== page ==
USA Outdated Burger Chains to Make a Comeback

USA Outdated Burger Chains to Make a Comeback

USA Outdated Burger Chains to Make a Comeback

While the burger has been relatively stable throughout its history, the companies that sell it have had to innovate in order to keep customers satisfied. Innovation and change are never easy, and the pandemic has taught restaurants that if they want to survive, they must roll with the punches.

Even the largest businesses can become stagnant if they fail to keep up with changing customer attitudes and circumstances, as these former burger lords have demonstrated. Fortunately, they may still be able to make a comeback.

Will these previous fast-food behemoths, however, be able to shake off their current mediocrity? Here are some of the once-popular burger joints that have struggled to stay up with the ever-changing burger landscape.


Friendly's was founded in Springfield, Massachusetts in 1935. The chain celebrated the pre-war local diner ambiance and was a beloved nostalgia-inducing American institution, specializing largely in burgers and shakes.

Unfortunately, Friendly's stuck on an out-of-date design with no plans to update it. Without delivery or curbside options, it struggled throughout the pandemic. It has previously suffered difficulties due to the economic downturn, high ice cream pricing, and customer concerns about food consistency.

Friendly's declared bankruptcy in 2020, after several difficult years. However, thanks to an acquisition by Amici Partners Group, which owns Red Mango, Smoothie Factory, and several other chains, the company was able to keep all 130 stores operating.


Krystal, a Southern fast-food behemoth, ran into financial difficulties in 2020, filing for Chapter 11 bankruptcy protection. The slider chain's sales have dropped 11% since 2019 because of the epidemic.

The company said about the bankruptcy, "The actions we are taking are aimed to enable Krystal to develop a stronger business for the future and to achieve a restructuring in a rapid and effective manner."

Since the depression, the chain had been serving the same little square hamburgers, and it was evident that it needed to be revitalized. Krystal has been trying to enhance its image by introducing new menu items such as chicken sandwich upgrades, new breakfast dishes, and better fries.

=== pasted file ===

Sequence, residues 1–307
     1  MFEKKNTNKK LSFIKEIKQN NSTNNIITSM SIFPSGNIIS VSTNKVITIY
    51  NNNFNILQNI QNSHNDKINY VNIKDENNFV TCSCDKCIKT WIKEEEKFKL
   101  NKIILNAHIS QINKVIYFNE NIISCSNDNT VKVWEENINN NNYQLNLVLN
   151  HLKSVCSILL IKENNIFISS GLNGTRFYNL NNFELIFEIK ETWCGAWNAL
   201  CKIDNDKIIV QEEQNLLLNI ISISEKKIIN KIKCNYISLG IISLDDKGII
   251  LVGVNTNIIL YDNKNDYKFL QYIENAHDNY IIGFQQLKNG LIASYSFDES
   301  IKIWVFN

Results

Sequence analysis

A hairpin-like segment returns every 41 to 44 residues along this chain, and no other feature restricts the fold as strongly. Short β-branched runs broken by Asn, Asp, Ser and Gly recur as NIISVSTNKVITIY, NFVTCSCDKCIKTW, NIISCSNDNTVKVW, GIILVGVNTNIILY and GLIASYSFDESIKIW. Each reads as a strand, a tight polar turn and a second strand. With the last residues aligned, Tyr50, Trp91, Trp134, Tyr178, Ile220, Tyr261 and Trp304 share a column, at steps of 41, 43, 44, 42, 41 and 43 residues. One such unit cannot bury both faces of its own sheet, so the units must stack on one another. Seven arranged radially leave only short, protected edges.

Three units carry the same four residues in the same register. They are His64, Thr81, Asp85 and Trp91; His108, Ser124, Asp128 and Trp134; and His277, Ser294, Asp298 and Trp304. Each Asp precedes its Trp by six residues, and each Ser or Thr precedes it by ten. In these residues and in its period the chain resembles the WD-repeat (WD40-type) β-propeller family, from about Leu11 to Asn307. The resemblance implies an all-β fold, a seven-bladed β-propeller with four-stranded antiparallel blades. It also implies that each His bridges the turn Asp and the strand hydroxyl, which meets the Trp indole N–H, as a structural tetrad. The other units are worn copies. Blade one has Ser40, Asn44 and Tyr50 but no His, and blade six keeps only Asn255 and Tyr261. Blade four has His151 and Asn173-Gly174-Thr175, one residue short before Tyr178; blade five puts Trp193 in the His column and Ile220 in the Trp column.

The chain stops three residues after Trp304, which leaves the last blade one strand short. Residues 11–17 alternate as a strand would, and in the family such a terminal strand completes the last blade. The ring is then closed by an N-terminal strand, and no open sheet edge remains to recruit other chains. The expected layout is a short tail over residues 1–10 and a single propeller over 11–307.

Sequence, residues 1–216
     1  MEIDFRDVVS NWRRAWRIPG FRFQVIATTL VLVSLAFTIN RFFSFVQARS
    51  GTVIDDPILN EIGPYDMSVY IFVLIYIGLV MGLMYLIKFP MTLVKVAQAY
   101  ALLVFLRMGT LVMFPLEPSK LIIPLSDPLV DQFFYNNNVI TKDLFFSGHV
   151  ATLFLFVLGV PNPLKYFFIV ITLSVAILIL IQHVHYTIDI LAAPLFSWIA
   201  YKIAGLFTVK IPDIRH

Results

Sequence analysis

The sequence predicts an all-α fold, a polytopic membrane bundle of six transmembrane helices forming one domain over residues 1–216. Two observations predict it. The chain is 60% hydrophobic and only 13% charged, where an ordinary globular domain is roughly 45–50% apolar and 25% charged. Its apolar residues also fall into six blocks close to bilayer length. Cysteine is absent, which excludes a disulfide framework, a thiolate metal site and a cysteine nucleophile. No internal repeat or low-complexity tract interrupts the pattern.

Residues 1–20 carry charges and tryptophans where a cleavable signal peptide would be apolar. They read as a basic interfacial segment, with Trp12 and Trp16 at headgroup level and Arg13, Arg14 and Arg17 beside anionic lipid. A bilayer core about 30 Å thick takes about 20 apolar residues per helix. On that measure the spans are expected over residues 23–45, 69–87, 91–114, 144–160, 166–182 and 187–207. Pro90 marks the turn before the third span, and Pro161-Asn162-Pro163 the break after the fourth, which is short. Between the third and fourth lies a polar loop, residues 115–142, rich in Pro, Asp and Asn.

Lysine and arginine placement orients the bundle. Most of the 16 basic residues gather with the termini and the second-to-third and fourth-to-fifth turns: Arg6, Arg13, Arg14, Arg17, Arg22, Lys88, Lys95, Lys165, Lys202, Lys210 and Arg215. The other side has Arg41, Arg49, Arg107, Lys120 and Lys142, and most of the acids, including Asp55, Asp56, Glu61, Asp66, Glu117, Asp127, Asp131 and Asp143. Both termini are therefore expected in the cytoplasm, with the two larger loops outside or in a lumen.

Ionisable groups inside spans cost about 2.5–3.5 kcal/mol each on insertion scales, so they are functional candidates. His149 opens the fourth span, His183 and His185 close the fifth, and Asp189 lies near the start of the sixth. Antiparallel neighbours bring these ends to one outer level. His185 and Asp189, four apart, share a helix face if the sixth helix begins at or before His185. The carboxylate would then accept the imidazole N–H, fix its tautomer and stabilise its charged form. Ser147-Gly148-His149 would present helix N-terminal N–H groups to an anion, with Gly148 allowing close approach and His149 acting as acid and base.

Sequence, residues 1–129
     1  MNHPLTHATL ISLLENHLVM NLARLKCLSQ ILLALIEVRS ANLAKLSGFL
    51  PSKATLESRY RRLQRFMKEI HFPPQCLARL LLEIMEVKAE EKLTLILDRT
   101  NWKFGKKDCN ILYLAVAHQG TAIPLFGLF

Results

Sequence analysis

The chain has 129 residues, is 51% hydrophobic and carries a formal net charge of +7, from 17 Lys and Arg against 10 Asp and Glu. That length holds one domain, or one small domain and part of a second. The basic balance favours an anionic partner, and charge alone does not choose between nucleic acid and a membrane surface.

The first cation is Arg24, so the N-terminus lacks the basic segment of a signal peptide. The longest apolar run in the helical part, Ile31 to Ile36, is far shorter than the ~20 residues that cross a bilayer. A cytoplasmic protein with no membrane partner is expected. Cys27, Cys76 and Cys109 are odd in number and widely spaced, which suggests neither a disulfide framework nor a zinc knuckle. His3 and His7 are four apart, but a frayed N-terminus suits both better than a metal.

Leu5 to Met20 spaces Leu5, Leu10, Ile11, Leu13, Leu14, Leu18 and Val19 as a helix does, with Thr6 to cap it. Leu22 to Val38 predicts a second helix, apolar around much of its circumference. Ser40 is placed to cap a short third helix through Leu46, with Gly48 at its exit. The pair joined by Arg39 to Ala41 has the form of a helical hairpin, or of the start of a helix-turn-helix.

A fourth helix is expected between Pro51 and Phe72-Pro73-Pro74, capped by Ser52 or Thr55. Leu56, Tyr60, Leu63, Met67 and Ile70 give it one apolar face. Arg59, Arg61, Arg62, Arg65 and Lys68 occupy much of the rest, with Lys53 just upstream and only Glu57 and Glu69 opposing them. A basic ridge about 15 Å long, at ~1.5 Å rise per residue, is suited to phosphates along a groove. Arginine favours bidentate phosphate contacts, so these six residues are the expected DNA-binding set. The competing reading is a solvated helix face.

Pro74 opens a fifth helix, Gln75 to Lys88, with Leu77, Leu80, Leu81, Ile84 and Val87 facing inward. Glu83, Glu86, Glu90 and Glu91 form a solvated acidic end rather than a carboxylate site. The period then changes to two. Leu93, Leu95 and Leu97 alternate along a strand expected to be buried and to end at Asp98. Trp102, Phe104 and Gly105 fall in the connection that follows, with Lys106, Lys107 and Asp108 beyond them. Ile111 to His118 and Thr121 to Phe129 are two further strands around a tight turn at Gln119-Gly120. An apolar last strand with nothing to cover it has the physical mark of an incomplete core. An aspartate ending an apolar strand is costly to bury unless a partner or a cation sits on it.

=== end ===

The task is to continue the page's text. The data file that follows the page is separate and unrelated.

steak-n-shake storefront

Steak 'n Shake, which is ninety years old, has been battling fierce burger competition for decades. Last year, the restaurant was on the verge of going bankrupt when it unexpectedly paid off a loan just weeks before it was due. Following that, the chain filed a lawsuit against its lender, Fortress Investment Group, alleging that the business plotted to seize control of its assets at that time.

Prior to its legal troubles, Steak 'n Shake's prospects were poor. "There are no certainties that Steak 'n Shake will be able to return profitability," CEO Sardar Biglari stated in a 2019 annual shareholder letter, according to Restaurant Dive.

As bleak as the burger chain's future appeared to be at the time, there were several issues accumulating outside of its unpaid loans.


For a brief moment, it appeared like even the "World's Greatest Hamburgers" wouldn't be enough to salvage Fuddruckers.

During the pandemic, the chain's parent firm, Luby's, was heavily damaged. When Black Titan Franchise Systems came in and bought Fuddruckers just before the ship went down, the Texas-based cafeteria business was in the midst of its liquidation proceedings. Fuddruckers was able to live another day thanks to the buyout.

The chain has been concentrating on reviving its physical presence. It revealed plans to open ten new retail malls around the country this year, including one in Fresno, with a ghost kitchen to collect more delivery and to-go orders.


A&W had more locations than McDonald's in the early 1970s. Customers may have cold mugs of A&W Root Beer and probably the first bacon cheeseburgers in the industry at the all-American fast-food establishment.

Over the years, the company has had numerous different identities. From a beverage stand to a family restaurant, Yum! Brands eventually bought the company in 2002. It was co-branded with KFC, Long John Silver's, and Taco Bell fast-food establishments during its time with Yum!, which, combined with increased competition in the burger market, caused it to lose its uniqueness.

The brand began to falter as a result of certain poor marketing moves (such as selling third-pound burgers to customers who may have been less mathematically knowledgeable than planned).

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